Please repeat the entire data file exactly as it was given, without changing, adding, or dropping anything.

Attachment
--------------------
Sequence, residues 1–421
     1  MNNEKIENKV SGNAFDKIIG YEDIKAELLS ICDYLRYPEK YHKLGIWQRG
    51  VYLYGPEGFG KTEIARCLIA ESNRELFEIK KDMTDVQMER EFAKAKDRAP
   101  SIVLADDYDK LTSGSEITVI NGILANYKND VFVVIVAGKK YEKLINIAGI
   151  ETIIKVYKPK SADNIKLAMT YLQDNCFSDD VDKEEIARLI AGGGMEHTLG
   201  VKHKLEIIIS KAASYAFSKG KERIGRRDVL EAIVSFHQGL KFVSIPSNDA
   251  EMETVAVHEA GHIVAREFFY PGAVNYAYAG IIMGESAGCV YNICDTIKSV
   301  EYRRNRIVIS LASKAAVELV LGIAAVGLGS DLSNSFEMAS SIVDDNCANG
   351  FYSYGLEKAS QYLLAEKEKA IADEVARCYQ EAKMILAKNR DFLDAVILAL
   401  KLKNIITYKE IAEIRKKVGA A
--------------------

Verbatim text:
Sequence, residues 1–421
     1  MNNEKIENKV SGNAFDKIIG YEDIKAELLS ICDYLRYPEK YHKLGIWQRG
    51  VYLYGPEGFG KTEIARCLIA ESNRELFEIK KDMTDVQMER EFAKAKDRAP
   101  SIVLADDYDK LTSGSEITVI NGILANYKND VFVVIVAGKK YEKLINIAGI
   151  ETIIKVYKPK SADNIKLAMT YLQDNCFSDD VDKEEIARLI AGGGMEHTLG
   201  VKHKLEIIIS KAASYAFSKG KERIGRRDVL EAIVSFHQGL KFVSIPSNDA
   251  EMETVAVHEA GHIVAREFFY PGAVNYAYAG IIMGESAGCV YNICDTIKSV
   301  EYRRNRIVIS LASKAAVELV LGIAAVGLGS DLSNSFEMAS SIVDDNCANG
   351  FYSYGLEKAS QYLLAEKEKA IADEVARCYQ EAKMILAKNR DFLDAVILAL
   401  KLKNIITYKE IAEIRKKVGA A